“in the beginner’s mind there are many possibilities, in the expert’s mind there are few” – shunryo suzuki
being open to learning from others, seeking teachers, guides, masters – all have had a profound effect on my life. there are many things i’d like to learn. with so much focus and time wrapped into the work, it is easy to believe in being the expert, and to feel the pressure to be that – discarding the idea that we always, eternally, have something to learn from every person and every experience. remembering to say “i don’t know”. teachers can be powerful bridges to new territory, new discovery, new worlds, continual learning.
In the tradition of zen buddhism, wisdom is passed through a lineage of one-to-one direct transference of thought from teacher to student. The focus is on direct experience rather than creeds and scriptures.
teachers have always been guides in my life – beginning with my father, a teacher of music. there were piano teachers, school teachers, athletic coaches – all guides, in finding what was in me that was also in others before me.
learning from seurat
i remember watching those episodes of kung fu – just to hear the kernel of wisdom, the one that only the teacher could crystallize in a few profound words – the distillation of great practice and efforts, trials and lessons.
“master, these things which we are taught. i cannot do them.”
“you find these exercises too difficult?”
“no master. too cruel.”
“and to be killed. what is that?”
“i must learn these exercises, to defend myself.”
“learn first how to live. learn second how not to kill. learn third how to live with death. learn fourth how to die.”
or the story of the peaceful warrior – a story of a struggling gymnast guided by a teacher, who initially appears to him on the roof of a gas station.
“you haven’t yet opened your heart fully, to life, to each moment. the peaceful warrior’s way is not about invulnerability, but absolute vulnerability…to the world, to life, and to the presence you felt. all along i’ve shown you by example that a warrior’s life is not about imagined perfection or victory – it’s about love. love is a warrior’s sword; wherever it cuts, it gives life, not death.”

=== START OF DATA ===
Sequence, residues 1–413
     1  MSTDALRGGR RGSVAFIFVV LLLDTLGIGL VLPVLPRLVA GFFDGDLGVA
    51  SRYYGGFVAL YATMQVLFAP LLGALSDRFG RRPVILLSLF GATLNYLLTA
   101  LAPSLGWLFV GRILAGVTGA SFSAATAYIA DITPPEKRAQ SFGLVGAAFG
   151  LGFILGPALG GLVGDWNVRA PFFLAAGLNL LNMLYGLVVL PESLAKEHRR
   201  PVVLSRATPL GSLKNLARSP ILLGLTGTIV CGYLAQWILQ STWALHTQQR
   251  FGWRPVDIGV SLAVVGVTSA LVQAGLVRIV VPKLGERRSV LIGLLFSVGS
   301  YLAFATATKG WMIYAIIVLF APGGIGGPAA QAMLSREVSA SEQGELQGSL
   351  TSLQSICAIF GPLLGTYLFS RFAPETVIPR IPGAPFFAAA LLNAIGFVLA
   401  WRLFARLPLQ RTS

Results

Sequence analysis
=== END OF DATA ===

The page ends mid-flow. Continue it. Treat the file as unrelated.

learning from titian
i’ve spent thousands of hours of practice, study, and connecting with teachers and coaches, and in watching the practice of masters i’ve often wished for further study and practice in drawing.
so i’ve gone back, to creating a program of study, and enlisted teachers and masters, to guide me. and i’m watching and studying those masters around me, who have been more than willing to help. there are many, though i have found anita lehman, in her patient encouragement and thoughtful instruction to be an essential guide. in study of the recent exhibit of andrew wyeth paintings at the seattle art museum, she shared with me an observation her painting instructor made of wyeth’s work – “every stroke matters.” this immediately transported me to the squash court and the lessons of shabana khan, champion player and masterful teacher, whose continued revelations on the court elevate athletic potentials (for now i’m keeping my day job).
a great source of powerful inspiration has been my deep connection and observation of tim girvin, as creative force, role model, mentor, spiritual traveller, and partner. He has provided endless study references, masterful expression of creative energy in calligraphic illustration, intellectual exploration, and tireless pursuit of wonder.
slowly, i’m re-learning, from the beginning – and with this added guidance, i’m learning more, and finding a deeper connection to this fascination, this love – and breathing life into it, and into me.